For example, we have aged-care and healthcare facilities under SDG 3, “good health and wellbeing”. We have loans, project finance and project-related corporate lending under SDG 4, “quality education”. Under SDG 7, “affordable and clean energy”, we have wind farms. This is a portfolio that is significantly bigger, at €925 million equivalent, than the bond we issued.
It’s worth highlighting that this is distinct from our green-bond framework, where our issuance is a separate asset base focused solely on carbon-reduction activities in renewable energy and low-carbon buildings.
Davison It seems at face value that the process of issuing an SDG bond is similar to a green bond when it comes to certification and third-party assessment. Is this accurate?
The four key pillars of those principles are the use of proceeds, project selection, management of proceeds, and reporting and disclosure.
Our framework is based on these and it is essentially the same framework as our green-bond programme. We have rules around how we use proceeds, how we manage them and how we report – we will be reporting on use of proceeds on a semi-annual basis. We also intend to do impact reporting annually, which is another key theme emerging out of investor interest.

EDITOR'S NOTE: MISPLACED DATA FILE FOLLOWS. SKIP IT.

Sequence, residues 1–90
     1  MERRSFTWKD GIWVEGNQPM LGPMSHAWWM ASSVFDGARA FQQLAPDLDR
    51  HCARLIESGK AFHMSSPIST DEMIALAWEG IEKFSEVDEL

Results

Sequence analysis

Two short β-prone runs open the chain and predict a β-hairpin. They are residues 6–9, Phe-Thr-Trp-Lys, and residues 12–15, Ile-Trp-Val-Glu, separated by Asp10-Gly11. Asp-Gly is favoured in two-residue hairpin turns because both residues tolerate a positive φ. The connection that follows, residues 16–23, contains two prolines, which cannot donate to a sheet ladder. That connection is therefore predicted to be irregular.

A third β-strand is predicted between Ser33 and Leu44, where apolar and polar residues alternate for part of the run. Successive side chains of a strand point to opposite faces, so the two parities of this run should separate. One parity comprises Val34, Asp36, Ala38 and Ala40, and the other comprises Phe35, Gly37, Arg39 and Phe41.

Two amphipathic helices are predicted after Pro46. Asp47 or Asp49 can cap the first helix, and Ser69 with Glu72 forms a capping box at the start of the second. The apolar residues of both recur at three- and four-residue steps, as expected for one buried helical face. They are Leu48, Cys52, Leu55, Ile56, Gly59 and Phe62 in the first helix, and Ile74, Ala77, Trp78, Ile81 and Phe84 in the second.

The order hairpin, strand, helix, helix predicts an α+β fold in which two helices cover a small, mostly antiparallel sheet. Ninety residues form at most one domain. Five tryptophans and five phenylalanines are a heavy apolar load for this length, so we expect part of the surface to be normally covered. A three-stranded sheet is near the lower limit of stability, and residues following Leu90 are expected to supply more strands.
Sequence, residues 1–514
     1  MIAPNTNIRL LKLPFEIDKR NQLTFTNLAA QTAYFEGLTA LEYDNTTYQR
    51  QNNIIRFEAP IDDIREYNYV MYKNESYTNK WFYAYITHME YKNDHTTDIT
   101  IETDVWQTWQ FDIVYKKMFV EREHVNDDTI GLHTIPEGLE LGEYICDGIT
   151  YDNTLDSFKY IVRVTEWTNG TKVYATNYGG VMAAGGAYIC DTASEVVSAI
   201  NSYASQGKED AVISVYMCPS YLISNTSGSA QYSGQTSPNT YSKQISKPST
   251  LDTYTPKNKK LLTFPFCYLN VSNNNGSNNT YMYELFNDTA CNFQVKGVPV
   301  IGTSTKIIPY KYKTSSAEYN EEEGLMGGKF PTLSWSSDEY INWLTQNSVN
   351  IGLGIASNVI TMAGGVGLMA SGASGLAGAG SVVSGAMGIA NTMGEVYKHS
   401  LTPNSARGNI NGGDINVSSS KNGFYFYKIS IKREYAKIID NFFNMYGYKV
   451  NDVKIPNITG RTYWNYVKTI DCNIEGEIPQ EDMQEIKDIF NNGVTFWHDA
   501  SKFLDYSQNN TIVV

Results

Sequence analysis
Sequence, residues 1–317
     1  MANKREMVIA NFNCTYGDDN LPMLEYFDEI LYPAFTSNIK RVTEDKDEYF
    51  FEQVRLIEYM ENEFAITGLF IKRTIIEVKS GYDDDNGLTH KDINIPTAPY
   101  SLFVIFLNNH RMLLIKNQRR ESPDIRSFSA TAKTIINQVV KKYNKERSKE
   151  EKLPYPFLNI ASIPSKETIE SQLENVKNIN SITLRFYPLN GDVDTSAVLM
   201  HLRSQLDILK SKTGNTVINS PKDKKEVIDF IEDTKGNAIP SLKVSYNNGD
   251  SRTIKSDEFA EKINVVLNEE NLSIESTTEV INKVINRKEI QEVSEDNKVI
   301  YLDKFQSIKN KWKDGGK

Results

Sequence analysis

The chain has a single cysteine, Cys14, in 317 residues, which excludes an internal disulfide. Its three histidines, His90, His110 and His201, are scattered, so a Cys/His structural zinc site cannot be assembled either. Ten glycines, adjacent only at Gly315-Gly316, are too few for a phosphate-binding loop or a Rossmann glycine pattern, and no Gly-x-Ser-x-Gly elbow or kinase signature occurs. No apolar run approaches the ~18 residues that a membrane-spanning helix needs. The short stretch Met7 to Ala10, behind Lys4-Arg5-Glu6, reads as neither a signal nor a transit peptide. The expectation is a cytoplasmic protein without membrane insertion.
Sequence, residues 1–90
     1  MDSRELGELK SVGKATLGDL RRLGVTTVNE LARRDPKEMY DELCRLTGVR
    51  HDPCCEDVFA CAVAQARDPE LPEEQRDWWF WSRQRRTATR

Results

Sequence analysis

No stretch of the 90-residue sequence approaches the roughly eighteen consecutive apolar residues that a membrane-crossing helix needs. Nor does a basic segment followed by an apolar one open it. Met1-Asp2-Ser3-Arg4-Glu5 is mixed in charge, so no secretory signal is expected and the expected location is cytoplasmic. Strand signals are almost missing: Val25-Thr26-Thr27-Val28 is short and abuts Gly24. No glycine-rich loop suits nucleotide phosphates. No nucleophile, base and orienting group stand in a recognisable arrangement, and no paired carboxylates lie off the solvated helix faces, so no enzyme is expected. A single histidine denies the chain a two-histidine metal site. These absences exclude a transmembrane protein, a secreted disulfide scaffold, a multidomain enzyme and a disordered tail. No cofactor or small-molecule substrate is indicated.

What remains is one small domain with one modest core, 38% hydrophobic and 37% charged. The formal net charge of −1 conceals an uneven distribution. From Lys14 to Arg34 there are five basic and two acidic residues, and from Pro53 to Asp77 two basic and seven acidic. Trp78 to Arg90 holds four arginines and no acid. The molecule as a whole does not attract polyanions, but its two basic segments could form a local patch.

Overlaying all this is an opinion from Sustainalytics. This is about our framework and its alignment to the sustainability bond guidelines. We also have our asset portfolio assured by EY. This confirms the assets meet the criteria in the framework and that they align to the Sustainability Bond Guidelines.
Davison At some stage ANZ clearly had to make a positive call to go ahead and issue what is a fairly new product. How did the issuer develop sufficient confidence to do so?
Also, in October 2015, we set a A$10 billion target to fund and facilitate low-carbon and environmental sustainability activities by 2020. We increased this last year, to A$15 billion, because of how well we were progressing. Crucially, we are also a signatory to Australia’s CEO statement of support for the SDGs, and a member of the UN Global Compact Network of Australia. All these things point to our business agenda.
What’s key is that it is all very much linked back to the SDGs, around things like environmental wellbeing, environmental sustainability, financial inclusion and access to housing. Issuing bonds in this space as part of our funding plans aligns with what we stand for as an organisation.
It also goes back to the point I made before, that this market isn’t being driven just by investors, it is being driven by the real economy.